When Is a Good Time for a Price Reduction?

Factors to Consider Before You Drop Your List Price

Large, two-story home with for sale sign in front yard

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Whether you call it a "price reduction," an "improvement," or an "adjustment," nobody wants to hear about lowering prices except a buyer. In a buyer's market or a slow period, it's not unusual for sellers to point fingers at agents, or for agents to point fingers at sellers' unrealistic expectations for a price.

Still, there are some times when lowering your asking price is the right move. Before you do, there are a few questions to ask yourself so you can determine your home-price-reduction strategy.

Key Takeaways

  • If you are trying to sell in a buyer's market, it may be wiser to take your home off the market for a while rather than lower the price.
  • Aim for no more than one price reduction, or buyers may think there is something wrong with the home.
  • If your home still is not selling, ask a friend or neighbor for an outside perspective on how it may appear to buyers.
  • You may need to change your marketing, look at similar listings that have sold, or create a new listing entirely in order to be able to sell your house.

Are You Selling in a Buyer's Market?

Demand falls when the market is slow, and inventory is high. If that's the case, and you don't absolutely have to sell right now, then it may be wise to take your home off the market until things improve. You might be better off renting your house or staying put until the market rebounds if you're not highly motivated to sell.

Did You Start Too High?

If you initially priced your home too high, you'll have to continually reduce the price until you hit that "magic" number. This kind of move is referred to as "chasing the market down," and it's not a good thing. Buyers will begin to wonder whether something is wrong with your house. They'll also wonder how much lower will you might be willing to go, and decide to play a waiting game.

As a general rule, aim for no more than one price reduction.

Have You Overlooked Anything?

Ask a friend to stop by and give you an honest opinion of how your house shows—"honest" being the operative word. Yes, your agent should have nailed this months ago. Your place should show like a masterpiece. But sometimes, a fresh set of eyes can pick up on something that you and your agent missed. Find it, fix it, and see whether things pick up.

If you're making a habit of hanging around during showings, you should stop. An owner's presence often makes buyers feel uncomfortable. Leave your prospective buyers to look around in peace, and don't turn down showings simply because you don't want to get out of the house.

The bottom line: Make sure you're not unwittingly sabotaging your—and your agent's—efforts before you take the scissors to your listing price.

How Is Your Marketing?

If you feel that the market is right for your asking price, and you're not doing anything to get in the way, you might want to look at your marketing efforts. Before you reduce your price, consider whether you and your agent are making every effort to sell your home for what you think it's worth. Questions to ask include:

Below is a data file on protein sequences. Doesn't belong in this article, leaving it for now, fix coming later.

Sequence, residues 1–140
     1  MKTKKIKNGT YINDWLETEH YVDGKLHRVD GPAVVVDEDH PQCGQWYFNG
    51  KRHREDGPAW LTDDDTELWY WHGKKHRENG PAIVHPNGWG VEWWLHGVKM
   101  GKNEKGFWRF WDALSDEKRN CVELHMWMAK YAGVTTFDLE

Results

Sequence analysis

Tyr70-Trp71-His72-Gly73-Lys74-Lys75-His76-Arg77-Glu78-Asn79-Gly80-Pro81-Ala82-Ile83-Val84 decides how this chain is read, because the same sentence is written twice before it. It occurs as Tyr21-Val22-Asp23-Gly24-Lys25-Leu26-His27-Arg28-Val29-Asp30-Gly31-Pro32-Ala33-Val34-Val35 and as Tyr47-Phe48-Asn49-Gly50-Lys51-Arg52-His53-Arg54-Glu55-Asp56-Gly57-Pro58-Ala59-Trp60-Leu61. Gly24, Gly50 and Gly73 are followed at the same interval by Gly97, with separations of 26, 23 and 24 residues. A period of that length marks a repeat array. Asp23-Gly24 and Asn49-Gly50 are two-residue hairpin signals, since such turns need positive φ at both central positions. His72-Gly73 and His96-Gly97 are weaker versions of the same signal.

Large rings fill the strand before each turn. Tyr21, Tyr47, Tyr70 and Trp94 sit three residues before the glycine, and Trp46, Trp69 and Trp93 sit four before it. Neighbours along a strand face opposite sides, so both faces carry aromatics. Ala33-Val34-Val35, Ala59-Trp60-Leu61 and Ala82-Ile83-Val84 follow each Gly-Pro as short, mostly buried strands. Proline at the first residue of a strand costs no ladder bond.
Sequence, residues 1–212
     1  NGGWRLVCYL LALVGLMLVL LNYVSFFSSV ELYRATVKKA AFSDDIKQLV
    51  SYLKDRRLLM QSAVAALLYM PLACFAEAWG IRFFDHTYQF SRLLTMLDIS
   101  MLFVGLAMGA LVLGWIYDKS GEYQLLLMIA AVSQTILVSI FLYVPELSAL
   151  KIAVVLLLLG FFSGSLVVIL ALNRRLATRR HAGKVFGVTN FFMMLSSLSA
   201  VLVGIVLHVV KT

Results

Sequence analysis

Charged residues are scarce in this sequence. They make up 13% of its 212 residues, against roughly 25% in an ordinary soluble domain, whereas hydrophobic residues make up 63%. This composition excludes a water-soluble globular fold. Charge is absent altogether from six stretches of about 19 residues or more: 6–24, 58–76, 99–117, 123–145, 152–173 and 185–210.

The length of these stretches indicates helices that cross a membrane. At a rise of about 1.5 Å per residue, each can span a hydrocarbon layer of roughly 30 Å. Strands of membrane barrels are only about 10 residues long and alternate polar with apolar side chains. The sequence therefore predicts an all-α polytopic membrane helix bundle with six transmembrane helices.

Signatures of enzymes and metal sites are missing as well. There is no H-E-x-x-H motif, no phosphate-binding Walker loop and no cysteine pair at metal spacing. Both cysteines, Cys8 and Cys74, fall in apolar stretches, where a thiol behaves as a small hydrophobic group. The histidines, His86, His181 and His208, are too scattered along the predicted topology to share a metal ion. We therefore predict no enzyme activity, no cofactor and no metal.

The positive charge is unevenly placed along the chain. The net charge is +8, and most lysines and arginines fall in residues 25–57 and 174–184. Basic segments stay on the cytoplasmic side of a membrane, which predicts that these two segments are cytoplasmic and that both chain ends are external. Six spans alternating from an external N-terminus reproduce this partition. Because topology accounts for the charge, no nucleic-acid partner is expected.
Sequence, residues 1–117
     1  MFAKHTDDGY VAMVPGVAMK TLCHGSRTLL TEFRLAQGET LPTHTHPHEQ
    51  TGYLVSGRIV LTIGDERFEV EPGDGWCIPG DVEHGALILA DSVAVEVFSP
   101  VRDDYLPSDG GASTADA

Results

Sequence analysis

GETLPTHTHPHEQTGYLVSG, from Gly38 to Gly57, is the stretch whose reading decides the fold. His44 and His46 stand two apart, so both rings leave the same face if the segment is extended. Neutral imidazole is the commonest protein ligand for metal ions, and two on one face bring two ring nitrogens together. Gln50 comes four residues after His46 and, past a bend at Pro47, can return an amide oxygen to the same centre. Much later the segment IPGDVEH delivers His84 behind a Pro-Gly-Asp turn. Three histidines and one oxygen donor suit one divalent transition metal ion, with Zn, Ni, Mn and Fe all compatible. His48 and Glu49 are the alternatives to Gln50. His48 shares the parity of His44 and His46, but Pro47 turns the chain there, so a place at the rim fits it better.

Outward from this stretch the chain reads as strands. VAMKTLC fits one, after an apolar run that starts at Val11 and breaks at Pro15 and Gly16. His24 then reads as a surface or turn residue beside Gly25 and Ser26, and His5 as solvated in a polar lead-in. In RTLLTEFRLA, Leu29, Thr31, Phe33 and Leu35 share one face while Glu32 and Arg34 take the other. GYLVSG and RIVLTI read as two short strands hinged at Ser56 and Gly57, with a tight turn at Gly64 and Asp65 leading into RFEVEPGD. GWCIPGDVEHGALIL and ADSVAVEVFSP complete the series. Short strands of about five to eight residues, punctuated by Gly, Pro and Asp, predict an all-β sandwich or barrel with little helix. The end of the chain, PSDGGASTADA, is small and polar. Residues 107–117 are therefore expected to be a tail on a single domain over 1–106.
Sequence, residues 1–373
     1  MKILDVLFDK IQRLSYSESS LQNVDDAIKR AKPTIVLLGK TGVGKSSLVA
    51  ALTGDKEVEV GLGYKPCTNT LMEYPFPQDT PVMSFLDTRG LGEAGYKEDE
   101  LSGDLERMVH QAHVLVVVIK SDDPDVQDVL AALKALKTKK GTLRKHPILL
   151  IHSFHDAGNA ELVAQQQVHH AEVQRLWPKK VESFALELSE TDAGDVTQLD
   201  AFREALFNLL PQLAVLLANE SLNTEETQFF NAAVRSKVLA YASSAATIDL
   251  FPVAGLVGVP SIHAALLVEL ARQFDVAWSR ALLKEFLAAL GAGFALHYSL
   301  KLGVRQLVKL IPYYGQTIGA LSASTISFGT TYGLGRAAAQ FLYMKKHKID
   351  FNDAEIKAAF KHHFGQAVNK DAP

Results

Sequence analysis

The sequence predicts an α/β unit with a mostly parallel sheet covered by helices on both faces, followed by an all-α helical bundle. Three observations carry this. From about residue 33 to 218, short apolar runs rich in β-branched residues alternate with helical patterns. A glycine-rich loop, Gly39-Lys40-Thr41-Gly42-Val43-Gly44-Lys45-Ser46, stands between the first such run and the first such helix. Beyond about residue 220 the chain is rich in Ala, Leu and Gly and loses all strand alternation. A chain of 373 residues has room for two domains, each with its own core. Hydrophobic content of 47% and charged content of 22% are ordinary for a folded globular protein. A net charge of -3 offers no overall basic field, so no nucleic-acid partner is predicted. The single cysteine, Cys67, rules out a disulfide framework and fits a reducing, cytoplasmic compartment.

• How many hits has your listing received in the MLS?
  • Do the marketing comments sell the benefits or features?
  • What kind of direct mail campaign has been launched?
  • How many open houses have been held?
  • How does the house show online? Are there a lot of beautiful pictures?
  • Is your signage in a prominent location? Does it contain several phone numbers and a website?
  • Do you have a virtual tour published?
  • What kind of feedback have you received from agents and prospective buyers?
  • Are you offering enough compensation to selling agents?
  • How many showings have you had?

Watch Other Listings

If you do decide to reduce your price, it's important to be strategic about it. Pull up pending sales, and find some that had price reductions. How many days were they on the market (DOMs) before the price was reduced? How much of a price reduction was made? You won't know the sold price, but you can determine average price-reduction percentages. Ignore active listings without price reductions unless they're similar to yours, and the DOMs are low.

Run side-by-side comparisons with active listings near the price point you're considering. Price your home so it falls in the bottom two to five listings, or—if you're really determined—price it lower than anything else on the market.

Properties that are priced below what buyers are readily willing to pay will receive multiple offers. That is the case even in distressed markets as home prices slide into downward spirals. In many cases, it's common to see a price war develop among buyers who are competing, which then results in an accepted offer for more than the list price.

Consider a New Listing

You might want to take your home off the market and put it back as a new listing at a different price so that your reduction isn't readily evident to any agents who look at your listing. An entirely new listing looks fresh and exciting to a buyer, and new buyers come into the market all the time. Not every agent studies the history of a listing, so this strategy can help you avoid the stigma of a price reduction.

Some MLS regulations set guidelines that must be followed when a listing is removed and re-entered. Make sure your agent's MLS allows it.

The Bottom Line

Every seller wants to get the most they can for their home, and you should explore every alternative before you make a price reduction. But sometimes even a small price change can make the difference between a quick sale and watching your home languish on the market. An experienced agent should be able to help you answer the right questions and decide whether a price drop is the right decision.